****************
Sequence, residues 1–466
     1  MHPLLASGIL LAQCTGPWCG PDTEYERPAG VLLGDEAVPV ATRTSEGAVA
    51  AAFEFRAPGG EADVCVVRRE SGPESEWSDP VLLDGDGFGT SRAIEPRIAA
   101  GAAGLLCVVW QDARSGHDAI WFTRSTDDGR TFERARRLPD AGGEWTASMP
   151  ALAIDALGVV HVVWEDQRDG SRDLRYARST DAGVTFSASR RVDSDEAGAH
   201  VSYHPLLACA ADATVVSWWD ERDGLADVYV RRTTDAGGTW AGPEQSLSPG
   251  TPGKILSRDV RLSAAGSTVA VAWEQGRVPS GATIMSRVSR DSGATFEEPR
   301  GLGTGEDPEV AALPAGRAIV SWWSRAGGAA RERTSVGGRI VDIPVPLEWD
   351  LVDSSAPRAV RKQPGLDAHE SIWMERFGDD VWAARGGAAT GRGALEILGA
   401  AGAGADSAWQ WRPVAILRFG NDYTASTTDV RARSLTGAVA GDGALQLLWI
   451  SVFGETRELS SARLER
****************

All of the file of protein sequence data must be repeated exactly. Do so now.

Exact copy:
Sequence, residues 1–466
     1  MHPLLASGIL LAQCTGPWCG PDTEYERPAG VLLGDEAVPV ATRTSEGAVA
    51  AAFEFRAPGG EADVCVVRRE SGPESEWSDP VLLDGDGFGT SRAIEPRIAA
   101  GAAGLLCVVW QDARSGHDAI WFTRSTDDGR TFERARRLPD AGGEWTASMP
   151  ALAIDALGVV HVVWEDQRDG SRDLRYARST DAGVTFSASR RVDSDEAGAH
   201  VSYHPLLACA ADATVVSWWD ERDGLADVYV RRTTDAGGTW AGPEQSLSPG
   251  TPGKILSRDV RLSAAGSTVA VAWEQGRVPS GATIMSRVSR DSGATFEEPR
   301  GLGTGEDPEV AALPAGRAIV SWWSRAGGAA RERTSVGGRI VDIPVPLEWD
   351  LVDSSAPRAV RKQPGLDAHE SIWMERFGDD VWAARGGAAT GRGALEILGA
   401  AGAGADSAWQ WRPVAILRFG NDYTASTTDV RARSLTGAVA GDGALQLLWI
   451  SVFGETRELS SARLER